Your Take: How to take super photos of a supermoon
March 21, 2015 - Supermoon
What a week for skywatching.
The “Supermoon” occurs when a moon is tighten to a horizon, causing it to seem bigger and brighter. Tonight’s occurrence is a third of 6 in 2015; if we skip it, we can see it in July.
If you’re looking to constraint a best of a night sky, these tips from Arizona Republic photographer Dave Seibert, should help.
YOUR TAKE: Share your night-sky sightings
Moonrise is a best time to fire a well-composed print that includes elements of your surroundings. Seibert suggests looking for reflections in lakes, silhouettes of planes, trains, animals or people.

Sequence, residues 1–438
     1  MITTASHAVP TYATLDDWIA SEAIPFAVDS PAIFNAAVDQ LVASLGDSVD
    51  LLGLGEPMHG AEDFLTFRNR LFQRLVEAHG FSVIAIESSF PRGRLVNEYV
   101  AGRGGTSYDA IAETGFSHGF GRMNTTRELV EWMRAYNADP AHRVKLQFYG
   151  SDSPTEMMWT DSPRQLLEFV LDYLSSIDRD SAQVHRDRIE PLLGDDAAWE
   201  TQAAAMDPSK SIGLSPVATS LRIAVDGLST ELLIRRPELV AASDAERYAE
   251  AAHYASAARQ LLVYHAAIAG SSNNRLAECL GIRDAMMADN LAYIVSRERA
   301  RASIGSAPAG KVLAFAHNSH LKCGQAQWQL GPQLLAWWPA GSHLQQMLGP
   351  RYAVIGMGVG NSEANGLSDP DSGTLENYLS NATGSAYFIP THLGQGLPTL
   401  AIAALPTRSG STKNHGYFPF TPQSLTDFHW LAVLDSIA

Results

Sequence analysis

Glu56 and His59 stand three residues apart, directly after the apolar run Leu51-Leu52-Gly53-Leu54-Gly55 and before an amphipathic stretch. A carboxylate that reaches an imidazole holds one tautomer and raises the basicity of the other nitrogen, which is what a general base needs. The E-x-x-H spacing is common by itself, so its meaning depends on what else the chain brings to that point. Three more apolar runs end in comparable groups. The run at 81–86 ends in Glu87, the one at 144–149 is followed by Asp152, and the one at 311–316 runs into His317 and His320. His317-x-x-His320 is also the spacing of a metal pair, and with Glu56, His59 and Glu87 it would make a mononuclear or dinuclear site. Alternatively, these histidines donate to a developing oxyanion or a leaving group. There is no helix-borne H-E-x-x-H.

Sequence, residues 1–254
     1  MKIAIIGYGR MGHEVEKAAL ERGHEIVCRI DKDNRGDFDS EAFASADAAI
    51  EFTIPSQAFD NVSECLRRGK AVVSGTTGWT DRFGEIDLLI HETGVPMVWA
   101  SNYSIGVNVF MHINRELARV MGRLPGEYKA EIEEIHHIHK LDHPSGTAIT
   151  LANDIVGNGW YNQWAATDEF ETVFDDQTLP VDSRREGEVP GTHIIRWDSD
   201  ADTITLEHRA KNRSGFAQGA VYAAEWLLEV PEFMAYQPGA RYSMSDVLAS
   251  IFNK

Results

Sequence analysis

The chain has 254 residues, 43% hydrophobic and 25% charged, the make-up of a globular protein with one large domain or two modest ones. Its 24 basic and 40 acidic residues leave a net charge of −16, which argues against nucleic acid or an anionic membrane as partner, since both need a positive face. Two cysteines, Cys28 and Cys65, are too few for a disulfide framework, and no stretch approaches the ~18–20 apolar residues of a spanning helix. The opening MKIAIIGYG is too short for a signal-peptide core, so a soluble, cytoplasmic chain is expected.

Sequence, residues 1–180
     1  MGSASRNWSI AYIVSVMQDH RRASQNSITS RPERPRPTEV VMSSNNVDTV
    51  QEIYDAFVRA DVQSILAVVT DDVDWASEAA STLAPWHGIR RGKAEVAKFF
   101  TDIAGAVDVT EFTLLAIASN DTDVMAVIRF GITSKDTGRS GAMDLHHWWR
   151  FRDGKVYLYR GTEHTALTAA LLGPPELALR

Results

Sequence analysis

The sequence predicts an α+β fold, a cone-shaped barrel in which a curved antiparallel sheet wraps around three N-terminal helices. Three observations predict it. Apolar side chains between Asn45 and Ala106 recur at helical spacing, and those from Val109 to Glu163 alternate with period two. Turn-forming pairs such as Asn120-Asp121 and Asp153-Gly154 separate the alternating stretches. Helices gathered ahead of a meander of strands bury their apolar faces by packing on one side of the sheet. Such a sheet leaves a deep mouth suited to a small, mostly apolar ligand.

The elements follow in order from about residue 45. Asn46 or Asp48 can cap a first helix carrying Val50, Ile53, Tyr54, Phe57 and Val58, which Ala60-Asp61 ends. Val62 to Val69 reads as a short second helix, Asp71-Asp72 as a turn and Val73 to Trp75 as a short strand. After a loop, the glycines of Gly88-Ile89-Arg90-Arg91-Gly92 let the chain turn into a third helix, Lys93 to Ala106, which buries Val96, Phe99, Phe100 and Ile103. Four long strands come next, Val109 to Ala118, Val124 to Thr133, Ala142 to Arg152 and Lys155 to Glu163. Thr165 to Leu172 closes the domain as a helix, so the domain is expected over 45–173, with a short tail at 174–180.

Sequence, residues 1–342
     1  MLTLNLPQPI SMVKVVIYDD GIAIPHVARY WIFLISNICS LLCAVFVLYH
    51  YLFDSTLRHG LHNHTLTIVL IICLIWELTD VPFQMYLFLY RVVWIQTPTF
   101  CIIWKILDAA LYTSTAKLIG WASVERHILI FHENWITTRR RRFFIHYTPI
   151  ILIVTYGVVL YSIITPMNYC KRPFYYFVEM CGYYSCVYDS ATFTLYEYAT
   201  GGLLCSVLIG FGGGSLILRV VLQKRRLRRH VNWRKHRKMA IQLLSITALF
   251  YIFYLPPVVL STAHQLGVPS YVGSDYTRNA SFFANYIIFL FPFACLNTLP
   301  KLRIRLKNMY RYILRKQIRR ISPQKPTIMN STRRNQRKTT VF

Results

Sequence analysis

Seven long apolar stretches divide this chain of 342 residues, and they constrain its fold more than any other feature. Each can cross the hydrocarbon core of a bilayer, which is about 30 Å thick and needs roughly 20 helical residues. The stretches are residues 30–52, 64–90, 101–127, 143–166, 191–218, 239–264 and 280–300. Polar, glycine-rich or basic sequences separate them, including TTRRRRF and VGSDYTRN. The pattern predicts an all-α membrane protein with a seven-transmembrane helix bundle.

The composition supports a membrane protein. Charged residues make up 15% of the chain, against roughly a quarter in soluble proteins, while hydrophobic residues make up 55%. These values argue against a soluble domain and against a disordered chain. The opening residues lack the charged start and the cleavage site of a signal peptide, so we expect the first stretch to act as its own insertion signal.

Location, location, location
Make certain we have a good line of steer toward a horizon.
Lights, camera, action
Grab your smartphone, DSLR or out-of-date 35mm and get prepared to go.
On your phone
Use a tripod and support a photo. Set a bearing for a liughtness of a moon. Turn on stabilization, if you’ve got it, and try experimenting with night mode and ISO settings. Save a digital wizz and only stand later.
On your camera
Use a tripod and make certain your ISO is 400 or less. The longer a lens, a better. Use a self-timer, if we got one. Shoot on primer bearing and focus.
Your Take bonus: Your photos of a halo borealis